By all appearances, Portland, Maine, is an idyllic setting. Despite the notoriously brutal winters, thousands of tourists flock to the small seaside city in the summer months to take in the state's rocky coast, lie on the sandy beaches, or enjoy a fat, red lobster on one of the city's piers.
With its quant, brick-lined streets, Portland does not present itself as a city in the midst of a crippling heroin epidemic.
I moved to Portland less than a month ago, and within weeks it became strikingly clear that heroin addiction is a powerful undercurrent within the small city and its suburbs. What's less apparent to many is the fact that the heroin crisis currently gripping the country is inextricably tied to prescription drug fraud.
In July, the Washington Post published a long exposé on how the heroin crisis had affected Falmouth, Maine, an affluent suburb of Portland, where a 29-year-old man died of a heroin overdose. On the day of his funeral, his step-brother nearly met the same fate.
Less than two weeks after the article was published, Portland saw 14 overdoses within a 24-hour period, the Portland Press Herald reported. Public health officials later raised concerns that some of those overdoses could be linked to "bad batches" of heroin containing fentanyl, a drug 50 times more potent than heroin.
Of course, Portland is not alone. Other areas of the country including, Pittsburgh, small towns in Pennsylvania, Orange County, Florida, Baltimore, and rural areas of New Hampshire and Vermont are experiencing similar problems with heroin overdoses. Earlier this year, the Centers for Disease Control and Prevention revealed that heroin-related deaths have quadrupled from 2002 to 2013. From 2012 to 2013 alone, deaths involving heroin increased 39 percent.
It's clear that heroin addiction is indiscriminate when it comes to location, race or socioeconomic status. That's because heroin addiction frequently derives from an addiction to opioids that anyone--black, white, rich or poor--can legally acquire at the doctor's office. Forty-five percent of people who abused heroin were also dependent on prescription painkillers, according to the CDC.
At one time those drugs were easy to acquire--almost too easy. Then supply plummeted and prices jumped, but by that time too many people were addicted to opioids to stop cold turkey. Instead, they turned to heroin, which offered the same high with a cheaper price tag.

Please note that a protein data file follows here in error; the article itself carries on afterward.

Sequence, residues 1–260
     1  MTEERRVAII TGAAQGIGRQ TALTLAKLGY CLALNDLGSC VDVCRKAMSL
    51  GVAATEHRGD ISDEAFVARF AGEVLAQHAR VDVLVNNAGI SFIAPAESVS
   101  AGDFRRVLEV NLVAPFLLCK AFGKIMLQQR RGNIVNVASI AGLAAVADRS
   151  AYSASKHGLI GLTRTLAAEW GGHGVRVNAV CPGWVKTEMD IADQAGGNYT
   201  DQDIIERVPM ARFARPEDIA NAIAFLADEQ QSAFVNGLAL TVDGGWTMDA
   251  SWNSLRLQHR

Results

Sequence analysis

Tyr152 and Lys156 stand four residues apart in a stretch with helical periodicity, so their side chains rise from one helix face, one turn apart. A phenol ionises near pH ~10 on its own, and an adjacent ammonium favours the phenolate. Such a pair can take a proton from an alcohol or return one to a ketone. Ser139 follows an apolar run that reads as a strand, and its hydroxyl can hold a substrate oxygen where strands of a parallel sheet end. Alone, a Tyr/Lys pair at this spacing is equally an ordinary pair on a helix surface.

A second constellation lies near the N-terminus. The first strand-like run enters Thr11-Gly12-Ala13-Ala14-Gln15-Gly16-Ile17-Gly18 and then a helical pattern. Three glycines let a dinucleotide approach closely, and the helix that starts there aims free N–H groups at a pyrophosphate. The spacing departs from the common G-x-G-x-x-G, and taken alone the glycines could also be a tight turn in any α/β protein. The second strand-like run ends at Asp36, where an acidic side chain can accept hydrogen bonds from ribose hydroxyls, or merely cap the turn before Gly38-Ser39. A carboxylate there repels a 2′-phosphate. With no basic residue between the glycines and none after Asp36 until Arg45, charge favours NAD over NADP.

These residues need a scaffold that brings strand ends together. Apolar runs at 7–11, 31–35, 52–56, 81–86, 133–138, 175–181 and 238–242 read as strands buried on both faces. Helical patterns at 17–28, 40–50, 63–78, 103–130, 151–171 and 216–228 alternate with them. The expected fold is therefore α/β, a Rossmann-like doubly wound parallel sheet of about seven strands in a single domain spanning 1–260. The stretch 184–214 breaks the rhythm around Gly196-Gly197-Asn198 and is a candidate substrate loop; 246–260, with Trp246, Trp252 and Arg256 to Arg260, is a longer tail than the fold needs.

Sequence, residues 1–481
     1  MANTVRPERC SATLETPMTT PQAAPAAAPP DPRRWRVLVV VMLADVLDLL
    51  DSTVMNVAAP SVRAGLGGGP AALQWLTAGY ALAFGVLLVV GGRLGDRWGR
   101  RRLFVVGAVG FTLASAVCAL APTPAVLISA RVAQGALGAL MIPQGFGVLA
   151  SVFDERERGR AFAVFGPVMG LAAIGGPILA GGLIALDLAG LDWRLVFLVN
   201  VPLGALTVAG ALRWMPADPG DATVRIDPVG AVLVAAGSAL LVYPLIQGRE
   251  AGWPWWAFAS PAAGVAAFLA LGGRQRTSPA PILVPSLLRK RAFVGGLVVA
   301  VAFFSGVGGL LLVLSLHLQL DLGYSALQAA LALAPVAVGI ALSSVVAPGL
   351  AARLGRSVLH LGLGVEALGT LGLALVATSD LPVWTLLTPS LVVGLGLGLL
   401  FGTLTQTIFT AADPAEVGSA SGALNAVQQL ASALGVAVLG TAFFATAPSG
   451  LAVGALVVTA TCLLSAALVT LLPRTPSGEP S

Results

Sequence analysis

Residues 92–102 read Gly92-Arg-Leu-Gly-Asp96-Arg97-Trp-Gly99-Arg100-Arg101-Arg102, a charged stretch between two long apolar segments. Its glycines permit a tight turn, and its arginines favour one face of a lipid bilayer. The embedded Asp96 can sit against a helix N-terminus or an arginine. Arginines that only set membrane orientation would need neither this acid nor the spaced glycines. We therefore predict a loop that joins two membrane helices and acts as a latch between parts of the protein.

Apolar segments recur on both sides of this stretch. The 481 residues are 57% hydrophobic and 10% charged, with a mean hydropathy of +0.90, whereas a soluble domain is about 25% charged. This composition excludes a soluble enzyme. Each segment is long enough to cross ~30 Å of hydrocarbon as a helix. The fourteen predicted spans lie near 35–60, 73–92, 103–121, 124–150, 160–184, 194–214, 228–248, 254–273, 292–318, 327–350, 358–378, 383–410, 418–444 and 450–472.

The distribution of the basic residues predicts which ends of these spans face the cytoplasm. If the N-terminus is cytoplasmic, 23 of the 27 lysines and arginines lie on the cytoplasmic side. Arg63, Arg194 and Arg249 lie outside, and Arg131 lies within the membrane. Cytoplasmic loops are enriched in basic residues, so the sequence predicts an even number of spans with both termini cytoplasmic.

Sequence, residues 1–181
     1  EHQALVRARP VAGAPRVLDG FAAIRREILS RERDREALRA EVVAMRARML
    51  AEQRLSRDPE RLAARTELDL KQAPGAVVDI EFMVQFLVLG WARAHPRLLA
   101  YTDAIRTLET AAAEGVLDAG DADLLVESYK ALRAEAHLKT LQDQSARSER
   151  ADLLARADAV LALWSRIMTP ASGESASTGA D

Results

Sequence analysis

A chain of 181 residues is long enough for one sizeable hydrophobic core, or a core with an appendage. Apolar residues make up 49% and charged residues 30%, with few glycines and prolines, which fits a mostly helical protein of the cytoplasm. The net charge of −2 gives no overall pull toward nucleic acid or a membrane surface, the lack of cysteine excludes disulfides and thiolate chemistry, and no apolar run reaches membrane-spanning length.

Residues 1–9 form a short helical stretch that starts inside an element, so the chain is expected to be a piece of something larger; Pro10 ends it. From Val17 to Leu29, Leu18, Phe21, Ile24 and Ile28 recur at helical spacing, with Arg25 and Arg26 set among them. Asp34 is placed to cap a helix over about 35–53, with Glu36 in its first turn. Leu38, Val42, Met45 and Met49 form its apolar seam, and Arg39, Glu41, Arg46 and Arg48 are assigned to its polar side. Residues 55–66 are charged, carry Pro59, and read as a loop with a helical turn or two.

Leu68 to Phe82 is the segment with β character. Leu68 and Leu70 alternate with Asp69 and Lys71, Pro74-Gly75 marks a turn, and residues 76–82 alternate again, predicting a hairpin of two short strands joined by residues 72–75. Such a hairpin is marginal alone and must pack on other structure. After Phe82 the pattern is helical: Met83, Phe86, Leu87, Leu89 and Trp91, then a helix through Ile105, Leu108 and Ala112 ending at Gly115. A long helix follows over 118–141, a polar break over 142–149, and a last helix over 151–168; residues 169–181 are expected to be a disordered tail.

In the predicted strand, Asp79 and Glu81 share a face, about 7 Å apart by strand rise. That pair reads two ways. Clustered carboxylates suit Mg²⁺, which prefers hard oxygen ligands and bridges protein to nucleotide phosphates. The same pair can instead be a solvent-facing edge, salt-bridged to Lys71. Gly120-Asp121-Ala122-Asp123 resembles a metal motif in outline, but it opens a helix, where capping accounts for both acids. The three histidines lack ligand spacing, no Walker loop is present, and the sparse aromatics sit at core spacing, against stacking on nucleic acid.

The country's addiction to painkillers can be traced back, in large part, to two decades worth of overprescribing. Some of that was perpetrated by well-meaning physicians, looking to provide a measure of pain relief for their patients, but unaware of the potential consequences. However, at least a portion of the growth in opioid addiction takes root in "pill mills" and prescription drug fraud schemes that profit on the backs of addicts.
It's a trend that was hidden in plain sight, and fueled by the money that can be made on narcotics, either on the black market or by simply filing an insurance claim. Insurers pay up to $72.5 billion each year in healthcare costs related to non-medical use of prescription painkillers, and fraud enforcement officials routinely uncover schemes in which physicians have written prescriptions for unnecessary narcotics as a conduit to Medicare reiumbursement.
In May, a New York man was found guilty of operating an oxycodone distribution ring that doled out more than 5 million pain pills. In June, a Connecticut advanced practice registered nurse pleaded guilty to inappropriately prescribing a pain medication intended for cancer patients after receiving kickbacks from the pharmaceutical company.
On a larger scale, PharMerica recently paid $31.5 million to settle allegations that it routinely dispensed Schedule II drugs without a written prescription. Just two days ago, a Detroit physician pleaded guilty to a $5.7 million fraud scheme in which he lured patients to his clinic with unnecessary painkiller prescriptions, and then billed Medicare for a slew of other unnecessary tests and office visits to make it seem as though it was all legitimate.
However, the stakes are getting higher. Yesterday marked the beginning of a trial against Dr. Hsiu-Ying "Lisa" Tseng, who is facing murder charges for indiscriminately writing painkiller prescriptions that prosecutors allege led to the death of three young men, according to the Washington Post. Prosecutors say Tseng ignored previous reports that her patients were dying of opioid overdoses. In Florida, Gerald Klein, M.D., faces murder charges for overprescribing hydromorphone pills that led to the death of a 24-year-old addict, the Sun-Sentinel reports.
Make no mistake, the current heroin epidemic in this country is a multi-faceted problem born from a confluence of factors, including a lack of drug treatment options for addicts, a surge of cheap heroin coming in from the Mexican drug cartel, and several decades' worth of prescribing pain pills.
But fraud schemes play an important role within the supporting cast that contributes to heroin addiction, and a nationwide crisis that is becoming frighteningly apparent. Only now are we beginning to trace the line from prescription drug fraud to widespread opioid addiction that is ravaging entire communities.
For fraud investigators, it's an important reminder that there is more at stake than just dollars and cents. That direct connection may not be readily apparent, but the work that goes into uncovering widespread prescription drug fraud schemes has a reverse domino effect. Maybe you can't pick up all the pieces, but you can prevent more from falling down.
For cities like Portland, and others around the country rocked by a groundswell of heroin addiction, stopping unnecessary prescriptions could be the difference between life and death. - Evan (@HealthPayer)